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Schiano: Offensive Woes in the Details

Posted Sep 23, 2013

HC Greg Schiano says the entire offense and the coaching staff share the blame for the team's struggle to score points, and that QB Josh Freeman will remain the starter

STORY HIGHLIGHTS
  • G Carl Nicks says the Bucs' offensive players support QB Josh Freeman "110 percent"
  • Nicks played in his first game in 10 months on Sunday and is still rounding back into Pro Bowl form
  • Nicks can be a huge asset for the Bucs on the field as well as a calming presence in the locker room
Carl Nicks, the Tampa Bay Buccaneers Pro Bowl guard who just made his long-awaited return to the lineup, stands behind his quarterback, Josh Freeman.  In fact, Nicks intends to stand right nextto Freeman if fingers are being pointed in the QB's direction.

"You've got to look at the whole team, you've got to look at the coaches, you've got to look at everybody," said Nicks.  "To point your finger at Josh, you might as well point it at me, because I'm just as responsible, if not more, than he is."

Having overcome a toe injury and a foot infection, Nicks made his 2013 debut on Sunday in New England, playing the whole game in what would prove to be a 23-3 loss that dropped Tampa Bay to 0-3.  His return did not immediately fix what has been ailing the Buccaneers' offense, but he intends to be part of the solution moving forward

"I'm going to try my hardest.  We need something, and whatever I can do to help this team, I'll do it," said Nicks.  "Josh is our guy.  We're going to ride-or-die with Josh.  He's the starter, he's always been the starter…he's the starter.  We support him 110 percent."

Nicks' comments followed similar thoughts expressed by Head Coach Greg Schiano a little earlier on Monday afternoon.  While acknowledging that Freeman has had his ups and downs early in his fifth NFL season, Schiano made it clear that the team's offensive woes are not the responsibility of any one specific player.  He also stated clearly that the team is not contemplating a lineup change under center.

“Josh [Freeman] is our starter," said Schiano.  "He’s done some good things and he’s done some things that he’d like to change and we’d like to. But it’s the whole offensive unit – we need to be more precise. We need to coach more precisely; it’s everybody involved.”

Some of the offensive problems are obvious to any observers, as penalties plagued the team through the first two weeks and dropped passes were conspicuous on Sunday in New England.  However, Schiano pointed more towards the sort of procedural and execution issues that are more evident in a coach-player film session, breakdowns that aren't necessarily obvious to the casual viewer but that lead to the overall failure of a play.

- G Carl Nicks says the blame for the Bucs' offensive struggles should be shared by all

"Again, when you have variables where we’re not sharp enough on the details, it’s hard to be the trigger-man when some things aren’t going the way they’re supposed to," said Schiano.  "There are 10 other guys out there, without getting into specifics, and certainly everybody has some of the responsibility for us not scoring points right now, starting with me. But it wouldn’t be right to [blame Freeman]; obviously it does happen because he touches the ball 73 times on Sunday, but there’s a whole bunch of us that have got to get our stuff straight.”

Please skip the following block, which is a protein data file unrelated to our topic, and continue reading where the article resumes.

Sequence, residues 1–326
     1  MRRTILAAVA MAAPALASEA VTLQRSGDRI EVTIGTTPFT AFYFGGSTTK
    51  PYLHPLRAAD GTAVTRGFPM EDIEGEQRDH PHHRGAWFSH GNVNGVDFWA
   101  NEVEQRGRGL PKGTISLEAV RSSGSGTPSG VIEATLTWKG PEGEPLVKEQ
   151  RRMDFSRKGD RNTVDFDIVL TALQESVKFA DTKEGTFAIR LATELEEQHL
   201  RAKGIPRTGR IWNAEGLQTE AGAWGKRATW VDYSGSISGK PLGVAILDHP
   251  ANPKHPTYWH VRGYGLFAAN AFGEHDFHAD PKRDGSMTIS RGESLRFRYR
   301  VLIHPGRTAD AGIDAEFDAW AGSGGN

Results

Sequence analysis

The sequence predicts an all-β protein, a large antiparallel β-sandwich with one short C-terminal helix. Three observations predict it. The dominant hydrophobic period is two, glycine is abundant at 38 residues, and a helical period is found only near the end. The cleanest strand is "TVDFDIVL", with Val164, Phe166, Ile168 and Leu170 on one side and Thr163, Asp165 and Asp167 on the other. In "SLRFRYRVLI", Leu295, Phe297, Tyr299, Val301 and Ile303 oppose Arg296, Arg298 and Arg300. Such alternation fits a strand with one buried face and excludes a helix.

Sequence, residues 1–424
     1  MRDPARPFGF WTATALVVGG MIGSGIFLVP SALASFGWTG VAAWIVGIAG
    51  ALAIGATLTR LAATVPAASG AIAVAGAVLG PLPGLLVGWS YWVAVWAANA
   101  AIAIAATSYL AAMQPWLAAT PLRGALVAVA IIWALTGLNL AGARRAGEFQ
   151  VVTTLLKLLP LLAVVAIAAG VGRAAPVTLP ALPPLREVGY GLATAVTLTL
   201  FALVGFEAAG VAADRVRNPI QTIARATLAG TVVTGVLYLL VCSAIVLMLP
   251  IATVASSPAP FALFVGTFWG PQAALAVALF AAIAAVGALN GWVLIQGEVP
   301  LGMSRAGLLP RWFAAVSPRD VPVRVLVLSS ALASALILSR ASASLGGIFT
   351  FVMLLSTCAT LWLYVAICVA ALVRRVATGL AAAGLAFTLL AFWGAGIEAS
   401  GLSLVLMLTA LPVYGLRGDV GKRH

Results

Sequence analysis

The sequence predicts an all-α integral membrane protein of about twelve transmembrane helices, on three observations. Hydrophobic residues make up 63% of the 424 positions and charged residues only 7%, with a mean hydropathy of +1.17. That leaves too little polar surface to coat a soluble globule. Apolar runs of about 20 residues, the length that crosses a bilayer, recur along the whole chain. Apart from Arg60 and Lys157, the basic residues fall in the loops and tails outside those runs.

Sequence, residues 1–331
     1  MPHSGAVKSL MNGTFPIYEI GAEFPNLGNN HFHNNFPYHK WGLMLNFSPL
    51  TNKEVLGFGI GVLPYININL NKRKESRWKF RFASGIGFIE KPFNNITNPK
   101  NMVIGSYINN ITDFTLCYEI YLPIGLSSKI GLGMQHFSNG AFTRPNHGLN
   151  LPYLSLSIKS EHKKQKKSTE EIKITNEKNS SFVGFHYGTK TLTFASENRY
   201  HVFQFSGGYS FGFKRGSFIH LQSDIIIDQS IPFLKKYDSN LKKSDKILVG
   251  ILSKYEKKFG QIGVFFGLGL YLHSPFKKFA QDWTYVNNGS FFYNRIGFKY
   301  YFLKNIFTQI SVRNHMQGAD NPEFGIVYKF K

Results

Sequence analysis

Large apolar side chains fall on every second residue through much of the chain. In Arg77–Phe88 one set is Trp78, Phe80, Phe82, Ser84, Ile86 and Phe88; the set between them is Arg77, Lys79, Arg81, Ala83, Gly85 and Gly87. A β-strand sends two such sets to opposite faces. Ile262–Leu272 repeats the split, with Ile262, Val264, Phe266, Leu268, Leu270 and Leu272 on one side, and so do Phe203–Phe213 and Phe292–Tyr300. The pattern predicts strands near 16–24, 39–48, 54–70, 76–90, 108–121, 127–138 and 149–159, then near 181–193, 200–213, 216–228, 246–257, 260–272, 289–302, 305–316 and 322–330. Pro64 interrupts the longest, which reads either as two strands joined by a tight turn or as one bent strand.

Added Nicks: "I agree with that a hundred percent.  I don't know if you can emphasize that enough – it's the details, the little things that we're not doing.  I don't want to get into specifics, but we really need to fine-tune our craft and make sure that everybody's doing what they're supposed to do, me included.

"We have flashes and sparks of greatness, but we've just got to be more consistent.  We'll make a play and everybody will be like, 'Wow,' then the next play will be a minus play.  We've just got to be more consistent."

Nicks can certainly provide more to the offense, and almost surely will.  Both he and Schiano noted that Nicks had only three real practices before taking the field for the first time in 10 months, and that affected his overall level of play.

“He looked like a guy who practiced for a week, as far as all the little details, but he’s just so big and strong that you can feel his physical presence in there," said Schiano. "I just look forward to him getting more practice and fine-tuning his game.”

The good news is that Nicks' foot felt fine during the game and even the next day.

"It felt good," said Nicks of his foot.  "I didn't really have too much pain.  I was more fatigued than anything but it felt good to be out there with my teammates.  "I'm just sore.  My shoulders and my neck are more sore than my foot."

I don't know if you can emphasize that enough – it's the details, the little things that we're not doing.
-- Carl Nicks

Nicks also wasn't feeling any long-term despondency over the Bucs' 0-3 start, though it obviously raises the level of difficulty quite a bit on the team's expected playoff chase.  In addition to what he provides to the Buccaneers' offensive front, Nicks should also be an experienced and calming presence in the weeks ahead as the team attempts to rebound.

"You know, I don't think we're at a point where we're panicking," he said.  "It's a long season.  Losing three games is a lot, but if you do it early enough you can still pull off a six, seven-game winning streak and you're back in it.  It's a little too early to be panicking, in my opinion.  As a team, no one's panicking."

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